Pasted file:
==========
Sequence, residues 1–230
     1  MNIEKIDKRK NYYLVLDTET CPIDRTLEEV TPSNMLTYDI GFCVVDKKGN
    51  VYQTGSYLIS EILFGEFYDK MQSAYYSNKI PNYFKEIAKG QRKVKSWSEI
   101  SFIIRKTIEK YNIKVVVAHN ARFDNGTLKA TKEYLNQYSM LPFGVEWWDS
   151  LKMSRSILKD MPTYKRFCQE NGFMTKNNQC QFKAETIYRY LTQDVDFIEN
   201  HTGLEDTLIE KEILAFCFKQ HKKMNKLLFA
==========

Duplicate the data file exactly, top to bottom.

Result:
Sequence, residues 1–230
     1  MNIEKIDKRK NYYLVLDTET CPIDRTLEEV TPSNMLTYDI GFCVVDKKGN
    51  VYQTGSYLIS EILFGEFYDK MQSAYYSNKI PNYFKEIAKG QRKVKSWSEI
   101  SFIIRKTIEK YNIKVVVAHN ARFDNGTLKA TKEYLNQYSM LPFGVEWWDS
   151  LKMSRSILKD MPTYKRFCQE NGFMTKNNQC QFKAETIYRY LTQDVDFIEN
   201  HTGLEDTLIE KEILAFCFKQ HKKMNKLLFA